Materials and Methods

Materials

Medium molecular weight chitosan with degree of deacetylation around 84%, pentasodium tripolyphosphate (TPP), donor horse serum, heparin and gentamicin sulphate were purchased from Sigma-Aldrich (St. Louis, USA). Dulbecco's modified eagle medium and F-12 nutrient mixture 50:50 (DMEM/F-12), Ultra-pure agarose, 1-ethyl-3-(3 dimethylaminopropyl) carbodiimide (EDC), and N-hydroxyl-succinimide (NHS) were procured from Invitrogen, (Carlsbad, Calif.). Cyclophosphamide was purchased from MP Biomedicals (Solon, Ohio). Magnevist® containing 469 mg/ml gadopentetate dimeglumine (Gd-DTPA) was procured from Berlex Laboratories (Montville, N.J.).

Animals

B6SJLF1/J mice were obtained from Harlan Laboratories Inc. (Madison, Wis.) at 6-8 weeks of age and maintained in a virus-free, light and temperature controlled barrier environment until 12-14 months old. The animals were provided with standard pellets diet and water ad libitum. All procedures with the mice were performed in accordance with the National Institutes of Health Guide for the Care and Use of Laboratory Animals and were approved by the Mayo Institutional Animal Care and Use Committee.

In Vitro Cell Culture

Primary bovine brain microvascular endothelial (BBMVE) cells were obtained frozen from the Cell Applications Inc. (San Diego, Calif.). The cells were cultured in a gelatin coated flask (75 cm2) at 37° C. under humidified air with 5% CO2 according to the protocols outlined in our earlier publications [12]. The growth medium constituted of 90% DMEM/F-12 and 10% donor horse serum supplemented with 10 mM HEPES, 13 mM sodium bicarbonate, 100 μg/ml heparin and 50 μg/ml Gentamicin sulphate.

In Vitro BBB Model

The filter membrane (pore size=0.4 μm) of each 24 mm Transwell® insert (Costar, Cambridge, Mass.) was coated with 0.01% rat tail collagen (type 1) followed by 0.01% bovine fibronectin. The BBMVE cells were then seeded on the filter membrane at a density of approximately 80,000 cells/cm2. The growth medium was added to both donor (1.5 ml) and receiver compartments (2.5 ml) and incubated at 37° C. under humidified air containing 5% CO2. The medium was changed every other day for 13-15 days until the polarized monolayers were formed. High transendothelial electrical resistance values, which are characteristic of well-formed polarized BBMVE cell monolayers, were ascertained using ‘chopstick’ electrodes attached to a Millicell-ERS meter (Millipore Corp., Bedford, Mass.). Monolayers with mean TEER values greater than 170Ω×cm2 were selected for this study.

Preparation of TNVs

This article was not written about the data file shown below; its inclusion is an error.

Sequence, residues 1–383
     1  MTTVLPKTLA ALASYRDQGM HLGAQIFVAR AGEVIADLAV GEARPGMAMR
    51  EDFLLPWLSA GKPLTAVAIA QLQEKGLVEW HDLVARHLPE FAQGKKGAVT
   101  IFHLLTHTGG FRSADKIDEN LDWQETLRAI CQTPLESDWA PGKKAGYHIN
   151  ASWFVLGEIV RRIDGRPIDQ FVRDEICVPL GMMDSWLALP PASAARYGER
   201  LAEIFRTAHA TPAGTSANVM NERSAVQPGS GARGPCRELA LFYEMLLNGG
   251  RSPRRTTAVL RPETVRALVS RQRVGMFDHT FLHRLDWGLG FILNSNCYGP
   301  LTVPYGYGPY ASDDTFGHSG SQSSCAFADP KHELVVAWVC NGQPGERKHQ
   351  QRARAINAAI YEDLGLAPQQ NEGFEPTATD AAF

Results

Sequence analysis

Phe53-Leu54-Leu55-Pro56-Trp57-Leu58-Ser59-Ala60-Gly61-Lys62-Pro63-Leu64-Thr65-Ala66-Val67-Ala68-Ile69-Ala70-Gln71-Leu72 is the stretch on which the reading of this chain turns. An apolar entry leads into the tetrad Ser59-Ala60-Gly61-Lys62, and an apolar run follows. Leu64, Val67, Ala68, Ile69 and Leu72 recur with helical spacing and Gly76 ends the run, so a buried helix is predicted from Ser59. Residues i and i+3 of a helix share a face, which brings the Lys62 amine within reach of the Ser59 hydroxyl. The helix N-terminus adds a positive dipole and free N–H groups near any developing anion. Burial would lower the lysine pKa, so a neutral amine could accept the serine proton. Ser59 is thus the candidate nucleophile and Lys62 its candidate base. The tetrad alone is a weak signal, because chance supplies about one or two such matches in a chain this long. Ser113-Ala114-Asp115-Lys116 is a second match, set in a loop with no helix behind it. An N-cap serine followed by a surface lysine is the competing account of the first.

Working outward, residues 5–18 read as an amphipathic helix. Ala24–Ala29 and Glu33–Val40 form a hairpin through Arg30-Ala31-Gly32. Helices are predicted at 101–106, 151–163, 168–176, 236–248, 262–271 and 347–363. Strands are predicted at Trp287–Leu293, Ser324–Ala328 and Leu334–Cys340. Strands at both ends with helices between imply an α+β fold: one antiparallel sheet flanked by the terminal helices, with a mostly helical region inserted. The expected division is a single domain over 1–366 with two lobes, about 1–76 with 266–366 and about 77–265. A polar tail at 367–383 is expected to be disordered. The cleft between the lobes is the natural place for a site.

Modification of IgG4.1 or F(ab′)2 fragments of IgG4.

The monoclonal antibody IgG4.1 or F(ab′)2 portion of IgG4.1 was cationized with putrescine (1,4-butanediamine) using carbodiimide chemistry. The pIgG4.1 or pF(ab′)24.1 thus formed was concentrated in Vivaspin with 30-kDa molecular weight cut off (MWCO) filter.

Preparation of Magnevist®-Conjugated Chitosan

MRI contrast agent, Magnevist®, was attached to chitosan as described previously [13, 14]. The Magnevist® conjugated chitosan solution thus obtained was lyophilized for later use. The presence of amide bond that signifies the successful conjugation of Magnevist® to chitosan was verified by fourier-transformed infrared spectroscopy (FTIR).

TNV Formulation

The cyclophosphamide was entrapped in the nanoparticle made from Magnevist®-conjugated chitosan using ionic gelation with TPP. The surface of the nanoparticle was conjugated with pIgG4.1 or pF(ab′)24.1 using carbodiimide chemistry. The TNVs thus formed were separated from the free cyclophosphamide and pIgG4.1 or F(ab′)24.1 by ultracentrifugation at 20,000 rpm for 15 min. The supernatant was discarded and the pellets were re-suspended in PBS. The control chitosan nanoparticles (CCN) were prepared in a similar fashion except that they were conjugated with bovine serum albumin (BSA).

Radioiodination of TNV

The TNVs were labeled with carrier-free Na125I, using the chloramine-T procedure as described previously [15]. Free radioactive iodine was separated from the radiolabeled TNVs by dialysis against 0.01 M phosphate-buffered saline at pH 7.4. The CCNs were also labeled with 125I using the same procedure.

TNV Characterization

Particle Size and Zeta Potential of TNVs

The mean hydrodynamic diameter of TNVs dispersed in distilled water was determined using photon correlation spectroscopy (Particle sizer; Brookhaven Instruments, N.Y., US), whereas the zeta potential was determined by laser doppler anemometry (Zeta Potential Analyzer, Brookhaven Instruments, N.Y., US). The aqueous TNV suspensions were diluted with distilled water before analysis. The analyses were performed on three independently prepared samples and the mean ±standard error of the mean (SEM) was reported.

Encapsulation and Release of Cyclophosphamide from TNVs

To quantify the amount of cyclophosphamide incorporated in TNVs, mixtures of cyclophosphamide and lyophilized blank nanoparticles made from Magnevist®-conjugated chitosan were prepared in the ratio of 1:1, 1:5 and 1:10, respectively. The IR spectra (500-4000 cm−1) for each component, the mixtures, and the TNVs were acquired using FTIR spectrophotometer (Perkin Elmer Life and Analytical Sciences, Connecticut). Cyclophosphamide absorbance peaks that are distinct from the blank nanoparticles were selected and a standard curve of the peak height versus cyclophosphamide percentage was constructed. The percentage of unknown amount of cyclophosphamide in the TNVs was determined from the standard curve.